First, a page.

It’s a confluence of many things. Of many an intertwined tale. With many an excuse on offer. But this isn’t about those things. It’s rather a simple admission of new beginnings.

The gist is that I’ve given up the trappings of a formal 8 to 5 job to engage better with what I care about and am perhaps even somewhat reasonable at – writing. From today forth, I am no longer in full-time bondage to the man, but eking a life through pen and keyboard.

To a backdrop of warning klaxon blaring, my scribblings diverge into two camps.

To keep body and soul together and a roof over the both, I am appropriating the guise of professional pen for hire for businesses, magazines and newspapers. I’ve been doing it in professional capacity for a number of years, and know enough to toss the dross in favour of pointed simplicity, with a dash of elegance if you will (Did I mention my modesty is a also key selling point?). A separate web portal for my copywriting work is in progress, and will be up and running soon. A shout out here to Mr Burgess and the crew at FishBallon Creative who have been very handy with advice.

I am excited about this, because I have in past work lives seen many maimed and tortured words. I would want to pen pristine copy that will put these poor lettered creatures out of their misery.

The longer term goal is to persist in trying to make whatever minute difference I can by harping on community events enriching our collective existence. I will continue to scribble columns paid or otherwise, blog, work with regional initiatives and generally contribute whichever way I or my pen can.

With the mornings to call my own, I want to become more involved in volunteering for noble initiatives such as the PCRF (Palestinian Children Relief Fund),  which sends injured and maimed Palestinian children abroad for treatment. 30 of them were in Dubai recently, and it remains a sore point that I could not contribute in any way to their well-being or stay here.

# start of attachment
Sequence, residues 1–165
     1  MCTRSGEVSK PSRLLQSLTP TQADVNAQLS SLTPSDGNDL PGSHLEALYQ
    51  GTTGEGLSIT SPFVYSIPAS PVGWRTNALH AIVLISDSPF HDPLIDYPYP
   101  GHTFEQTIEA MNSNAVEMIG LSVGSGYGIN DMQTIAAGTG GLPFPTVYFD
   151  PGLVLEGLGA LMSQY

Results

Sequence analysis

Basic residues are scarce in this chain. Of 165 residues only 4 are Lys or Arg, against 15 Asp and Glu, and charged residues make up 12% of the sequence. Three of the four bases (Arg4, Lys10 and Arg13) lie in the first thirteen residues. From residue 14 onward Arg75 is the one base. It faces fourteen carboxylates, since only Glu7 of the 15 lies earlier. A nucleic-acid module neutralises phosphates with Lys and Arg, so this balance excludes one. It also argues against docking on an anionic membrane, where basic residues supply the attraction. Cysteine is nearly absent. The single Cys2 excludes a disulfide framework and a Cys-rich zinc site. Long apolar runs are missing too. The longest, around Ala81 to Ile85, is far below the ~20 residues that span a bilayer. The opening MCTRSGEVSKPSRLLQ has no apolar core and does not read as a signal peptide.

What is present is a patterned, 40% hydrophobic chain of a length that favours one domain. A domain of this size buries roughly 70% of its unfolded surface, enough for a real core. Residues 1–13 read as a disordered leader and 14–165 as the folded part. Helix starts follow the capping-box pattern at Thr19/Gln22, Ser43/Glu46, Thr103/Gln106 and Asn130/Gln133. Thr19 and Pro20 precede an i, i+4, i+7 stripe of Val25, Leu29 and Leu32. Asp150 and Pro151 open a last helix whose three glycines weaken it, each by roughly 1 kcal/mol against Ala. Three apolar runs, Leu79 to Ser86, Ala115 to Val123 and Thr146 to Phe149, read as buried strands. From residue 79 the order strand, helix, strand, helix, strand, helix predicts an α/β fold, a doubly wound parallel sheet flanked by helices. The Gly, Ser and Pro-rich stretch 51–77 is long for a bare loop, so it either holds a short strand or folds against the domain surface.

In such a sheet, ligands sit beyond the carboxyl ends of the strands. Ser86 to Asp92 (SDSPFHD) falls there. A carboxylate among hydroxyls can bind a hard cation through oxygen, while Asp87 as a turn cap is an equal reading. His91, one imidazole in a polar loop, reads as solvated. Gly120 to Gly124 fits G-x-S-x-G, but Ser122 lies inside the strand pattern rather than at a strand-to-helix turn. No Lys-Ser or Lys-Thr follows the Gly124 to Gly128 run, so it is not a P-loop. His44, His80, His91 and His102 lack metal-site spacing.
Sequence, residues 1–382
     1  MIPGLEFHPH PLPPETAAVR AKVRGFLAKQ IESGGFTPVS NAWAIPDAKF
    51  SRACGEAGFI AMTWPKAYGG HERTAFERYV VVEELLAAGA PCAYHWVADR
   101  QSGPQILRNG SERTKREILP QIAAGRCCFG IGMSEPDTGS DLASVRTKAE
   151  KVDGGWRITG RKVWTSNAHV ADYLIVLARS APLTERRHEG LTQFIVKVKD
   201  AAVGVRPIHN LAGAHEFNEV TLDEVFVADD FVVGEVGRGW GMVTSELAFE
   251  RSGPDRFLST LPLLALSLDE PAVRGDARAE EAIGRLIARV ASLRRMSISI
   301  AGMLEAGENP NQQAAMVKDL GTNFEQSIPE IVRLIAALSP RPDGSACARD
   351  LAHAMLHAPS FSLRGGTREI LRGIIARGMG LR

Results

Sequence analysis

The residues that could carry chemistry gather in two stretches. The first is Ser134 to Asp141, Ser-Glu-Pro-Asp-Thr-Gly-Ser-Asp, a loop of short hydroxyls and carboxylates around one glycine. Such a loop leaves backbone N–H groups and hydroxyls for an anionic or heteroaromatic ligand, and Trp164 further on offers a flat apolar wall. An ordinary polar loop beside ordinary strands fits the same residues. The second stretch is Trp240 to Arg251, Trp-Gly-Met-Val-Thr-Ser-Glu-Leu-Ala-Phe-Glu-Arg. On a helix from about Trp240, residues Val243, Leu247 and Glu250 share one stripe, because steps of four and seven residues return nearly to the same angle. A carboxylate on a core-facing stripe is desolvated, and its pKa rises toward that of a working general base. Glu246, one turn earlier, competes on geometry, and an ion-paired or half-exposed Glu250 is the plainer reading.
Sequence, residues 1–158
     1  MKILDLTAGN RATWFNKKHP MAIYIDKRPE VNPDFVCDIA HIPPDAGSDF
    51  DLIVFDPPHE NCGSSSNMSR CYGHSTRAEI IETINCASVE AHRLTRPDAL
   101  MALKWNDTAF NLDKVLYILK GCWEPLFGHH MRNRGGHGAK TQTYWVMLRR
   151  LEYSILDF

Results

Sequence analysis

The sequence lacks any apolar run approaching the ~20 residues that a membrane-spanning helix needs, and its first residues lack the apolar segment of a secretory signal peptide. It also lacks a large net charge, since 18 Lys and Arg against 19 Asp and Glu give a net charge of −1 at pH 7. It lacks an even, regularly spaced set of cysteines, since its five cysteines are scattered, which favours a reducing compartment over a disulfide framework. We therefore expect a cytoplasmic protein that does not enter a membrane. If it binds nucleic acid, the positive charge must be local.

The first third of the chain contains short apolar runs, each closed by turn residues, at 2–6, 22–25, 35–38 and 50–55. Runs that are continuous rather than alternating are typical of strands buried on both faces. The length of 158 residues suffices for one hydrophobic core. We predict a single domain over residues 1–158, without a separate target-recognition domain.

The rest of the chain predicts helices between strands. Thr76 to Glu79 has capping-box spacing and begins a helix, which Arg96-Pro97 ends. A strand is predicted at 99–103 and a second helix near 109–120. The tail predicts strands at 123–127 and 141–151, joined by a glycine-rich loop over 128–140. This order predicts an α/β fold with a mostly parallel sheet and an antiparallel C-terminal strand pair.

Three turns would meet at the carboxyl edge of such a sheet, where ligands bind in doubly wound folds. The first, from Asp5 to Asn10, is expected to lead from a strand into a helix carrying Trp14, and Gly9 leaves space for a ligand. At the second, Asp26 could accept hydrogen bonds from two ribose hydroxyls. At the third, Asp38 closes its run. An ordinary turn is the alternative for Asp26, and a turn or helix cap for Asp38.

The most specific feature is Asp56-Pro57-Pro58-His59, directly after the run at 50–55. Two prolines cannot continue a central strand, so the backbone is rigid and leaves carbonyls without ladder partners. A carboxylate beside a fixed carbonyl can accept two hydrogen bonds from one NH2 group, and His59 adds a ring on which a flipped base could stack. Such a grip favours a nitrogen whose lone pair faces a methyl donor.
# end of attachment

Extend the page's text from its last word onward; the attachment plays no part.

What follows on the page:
There is also a Dubai novel somewhere in the works, but I would be getting ahead of myself if I said it were any more than a pipedream at this stage.

It’s not presumptuous to say that we – all of us – are building in Dubai a community we can be justly proud of: from Bold 2010 to the Geekfests, the Al Quoz art galleries run by determined young women to the worker care package initiatives, the shawarma entrepreneurs to techy startups, brilliant morning radio talk shows to student-run streaming channels; youth websites to blogger freedom movements, amateur theatre to literature festivals; all of it.

#IamHereBecauseILikeDubai, as I know many of us are. After much contemplation, I am standing up to be counted in any way I can. The plunge will at first be painful, but that sordid parachute must open at some stage. Right? Right. Viva La Community!

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